BP deliberately exposed neighbors of a Texas refinery to tons of cancer-causing gases for weeks without warning in 2010, a lawyer told a Texas jury.
The lawsuits by four residents are the first of almost 48,000 toxic-exposure claims to come to trial. The plaintiffs seek as much as $200,000 each in actual damages, plus $10 billion in punitive damages which, they said in court papers, they would donate to charity.
“Profits over the environment, profits over safety, profits over people, that’s what this case is about,” Tony Buzbee, the residents’ lead attorney, told the state-court jury in Galveston during opening statements Wednesday. The trial is expected to last five weeks.
BP intentionally vented at least 500,000 pounds of toxic chemicals, including benzene, from a faulty refinery unit in Texas City to a flare the company knew was incapable of destroying the toxins, Buzbee said in an interview before the trial. He claims London-based BP would have lost more than $20 million if it had shut the unit down during repairs.
“This case is not an attack on refineries, not an attack on oil companies,” he told the jury Wednesday. “This case is about a company that flouts the rules, that does what it chooses and darn the consequences.”
BP denies anyone was injured by emissions from the refinery, which was later sold.
The refinery’s flare was highly efficient during the incident and destroyed or dispersed virtually all toxins vented to it, Damond Mace, one of BP’s trial attorneys told jurors Wednesday. There is “a huge difference” between what is pumped out of the top of the stack and what, “if anything, comes down to the ground,” he said.
Fence-line and community air monitors showed no elevated readings of any hazardous gasses during April and May of 2010, and no regulatory air standards were violated, he said.
“Your job is to decide if the ground-level air concentrations that reached these four plaintiffs on these days from the flaring of that hydrocarbon stream caused them any injury,” Mace told jurors.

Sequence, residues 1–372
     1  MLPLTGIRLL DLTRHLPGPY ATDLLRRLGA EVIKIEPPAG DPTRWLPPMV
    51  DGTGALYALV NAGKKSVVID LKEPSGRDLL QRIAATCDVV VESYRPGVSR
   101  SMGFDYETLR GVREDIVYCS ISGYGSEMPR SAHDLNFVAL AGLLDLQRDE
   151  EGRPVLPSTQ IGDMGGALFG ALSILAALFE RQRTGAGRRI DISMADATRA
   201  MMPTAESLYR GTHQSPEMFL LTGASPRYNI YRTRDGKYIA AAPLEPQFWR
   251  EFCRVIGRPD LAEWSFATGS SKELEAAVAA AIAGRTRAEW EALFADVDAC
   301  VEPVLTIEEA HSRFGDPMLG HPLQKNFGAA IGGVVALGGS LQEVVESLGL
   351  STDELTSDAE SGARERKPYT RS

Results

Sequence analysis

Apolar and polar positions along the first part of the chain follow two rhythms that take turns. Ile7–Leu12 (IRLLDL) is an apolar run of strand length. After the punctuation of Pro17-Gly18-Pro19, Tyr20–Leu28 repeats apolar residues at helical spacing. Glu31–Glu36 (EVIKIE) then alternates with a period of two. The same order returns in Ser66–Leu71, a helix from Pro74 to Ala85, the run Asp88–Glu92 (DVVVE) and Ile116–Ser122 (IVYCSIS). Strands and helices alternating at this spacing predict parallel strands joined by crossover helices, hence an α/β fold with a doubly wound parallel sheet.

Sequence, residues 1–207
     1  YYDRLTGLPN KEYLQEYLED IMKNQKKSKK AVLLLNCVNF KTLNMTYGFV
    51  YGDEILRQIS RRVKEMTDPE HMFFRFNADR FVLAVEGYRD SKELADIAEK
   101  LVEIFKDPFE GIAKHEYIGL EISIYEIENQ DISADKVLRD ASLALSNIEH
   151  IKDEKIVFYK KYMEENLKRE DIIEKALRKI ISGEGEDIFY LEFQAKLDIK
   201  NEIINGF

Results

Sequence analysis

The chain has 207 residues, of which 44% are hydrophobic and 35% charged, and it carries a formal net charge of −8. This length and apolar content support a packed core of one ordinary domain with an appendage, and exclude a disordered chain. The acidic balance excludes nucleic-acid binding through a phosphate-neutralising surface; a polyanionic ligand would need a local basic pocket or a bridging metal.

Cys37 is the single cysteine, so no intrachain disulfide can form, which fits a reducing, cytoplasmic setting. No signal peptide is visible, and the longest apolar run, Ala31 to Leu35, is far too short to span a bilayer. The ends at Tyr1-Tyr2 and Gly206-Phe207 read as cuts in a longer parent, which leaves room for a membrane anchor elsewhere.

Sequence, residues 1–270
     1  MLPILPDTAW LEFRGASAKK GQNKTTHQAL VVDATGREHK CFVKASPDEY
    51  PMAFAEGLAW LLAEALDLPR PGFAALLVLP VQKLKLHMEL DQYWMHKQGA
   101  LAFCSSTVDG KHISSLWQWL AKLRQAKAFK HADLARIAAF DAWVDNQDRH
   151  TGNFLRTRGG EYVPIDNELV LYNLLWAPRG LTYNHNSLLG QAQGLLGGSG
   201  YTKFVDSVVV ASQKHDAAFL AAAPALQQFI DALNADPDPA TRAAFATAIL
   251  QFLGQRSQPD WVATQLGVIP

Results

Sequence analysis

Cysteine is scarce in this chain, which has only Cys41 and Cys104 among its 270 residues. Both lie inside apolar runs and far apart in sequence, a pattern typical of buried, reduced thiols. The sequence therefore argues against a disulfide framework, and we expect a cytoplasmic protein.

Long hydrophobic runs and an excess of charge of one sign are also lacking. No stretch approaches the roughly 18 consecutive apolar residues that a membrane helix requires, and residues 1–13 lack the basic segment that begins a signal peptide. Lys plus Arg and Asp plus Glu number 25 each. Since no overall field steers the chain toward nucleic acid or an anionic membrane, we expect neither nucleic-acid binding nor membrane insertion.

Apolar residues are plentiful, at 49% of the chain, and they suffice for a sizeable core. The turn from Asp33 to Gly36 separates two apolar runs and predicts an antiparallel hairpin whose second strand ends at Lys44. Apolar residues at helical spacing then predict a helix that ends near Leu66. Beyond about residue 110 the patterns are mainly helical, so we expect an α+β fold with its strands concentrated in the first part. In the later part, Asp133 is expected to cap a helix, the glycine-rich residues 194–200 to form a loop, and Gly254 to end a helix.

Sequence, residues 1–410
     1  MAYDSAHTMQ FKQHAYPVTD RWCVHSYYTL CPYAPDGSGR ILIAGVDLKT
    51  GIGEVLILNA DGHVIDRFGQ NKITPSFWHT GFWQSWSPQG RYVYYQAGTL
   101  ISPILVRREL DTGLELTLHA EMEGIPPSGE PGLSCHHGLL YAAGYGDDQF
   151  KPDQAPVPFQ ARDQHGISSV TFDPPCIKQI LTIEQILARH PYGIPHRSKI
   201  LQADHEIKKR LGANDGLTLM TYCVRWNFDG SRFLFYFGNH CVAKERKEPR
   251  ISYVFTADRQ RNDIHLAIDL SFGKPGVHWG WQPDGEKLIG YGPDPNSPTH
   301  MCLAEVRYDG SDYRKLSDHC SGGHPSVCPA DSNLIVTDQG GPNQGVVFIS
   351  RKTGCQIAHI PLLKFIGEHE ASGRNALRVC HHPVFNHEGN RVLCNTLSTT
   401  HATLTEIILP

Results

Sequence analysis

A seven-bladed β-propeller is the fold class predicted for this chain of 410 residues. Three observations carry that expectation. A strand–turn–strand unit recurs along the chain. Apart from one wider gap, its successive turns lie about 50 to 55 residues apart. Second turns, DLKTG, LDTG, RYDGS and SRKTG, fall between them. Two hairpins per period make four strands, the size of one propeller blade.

Kenneth Tekell, another BP attorney, told the jury of 10 women and six men, including four alternates, that the residents at trial suffered from “ordinary diseases of life,” like itchy eyes, runny noses and temporary respiratory or stomach ailments.
“He’d have had that sore throat and swollen gland whether BP was flaring or not,” Tekell said of one plaintiff, who BP said it believes had a throat infection at the time.
Buzbee said each plaintiff showed symptoms “absolutely consistent with chemical exposure” that may cause them serious health problems in the future.
“What value do you place on someone breathing these chemicals that were purposely released” for more than 40 days? Buzbee asked the jury. “No one’s missing a leg, and no one’s dead. But this ain’t right. This should never happen again anywhere, and BP still has refineries in the U.S.”
BP was slow to inform state regulators of the leak and underreported the volume of toxins released during the 40-day incident, Buzbee told jurors.
“The wanton poisoning of an entire community is not an acceptable business practice,” Buzbee said in court papers. He asked the jury Wednesday to punish BP for its conduct.
The Texas City emissions incident overlapped the start of the 2010 Gulf of Mexico oil spill, which began when a rig exploded while drilling a BP well off the Louisiana coast. BP has paid more than $30 billion in spill-related cleanup costs, damages and fines, with thousands of damages claims remaining to be resolved in a separate proceeding in federal court in New Orleans.
BP Products North America sold the Texas City refinery to Marathon Petroleum Corp. in a transaction announced last October. The site was the scene of a 2005 explosion that killed 15 workers and resulted in payments of $2.1 billion to local residents and businesses harmed by the blast.
The company agreed in 2011 to pay Texas $50 million to settle air-pollution violations at the plant from 2005 through 2011, including the release of about 500,000 pounds of harmful chemicals during the 2010 flaring incident.
The case is In re MDL Litigation Regarding Texas City Refinery Ultracracker Emission Event Litigation, 10-UC-0001, Texas 56th Judicial District Court (Galveston).
Photo credit: Bloomberg News